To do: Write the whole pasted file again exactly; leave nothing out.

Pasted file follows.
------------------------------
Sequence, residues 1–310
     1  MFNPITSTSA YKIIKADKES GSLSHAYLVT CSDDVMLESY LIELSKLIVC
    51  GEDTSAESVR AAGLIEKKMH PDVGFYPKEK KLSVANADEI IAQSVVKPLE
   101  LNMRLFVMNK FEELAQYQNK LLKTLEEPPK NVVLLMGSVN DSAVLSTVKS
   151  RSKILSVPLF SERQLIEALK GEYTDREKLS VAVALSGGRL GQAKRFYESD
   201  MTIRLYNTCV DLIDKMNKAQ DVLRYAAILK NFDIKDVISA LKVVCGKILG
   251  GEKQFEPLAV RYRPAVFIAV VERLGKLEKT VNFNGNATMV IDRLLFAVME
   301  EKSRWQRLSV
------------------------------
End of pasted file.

Sequence, residues 1–310
     1  MFNPITSTSA YKIIKADKES GSLSHAYLVT CSDDVMLESY LIELSKLIVC
    51  GEDTSAESVR AAGLIEKKMH PDVGFYPKEK KLSVANADEI IAQSVVKPLE
   101  LNMRLFVMNK FEELAQYQNK LLKTLEEPPK NVVLLMGSVN DSAVLSTVKS
   151  RSKILSVPLF SERQLIEALK GEYTDREKLS VAVALSGGRL GQAKRFYESD
   201  MTIRLYNTCV DLIDKMNKAQ DVLRYAAILK NFDIKDVISA LKVVCGKILG
   251  GEKQFEPLAV RYRPAVFIAV VERLGKLEKT VNFNGNATMV IDRLLFAVME
   301  EKSRWQRLSV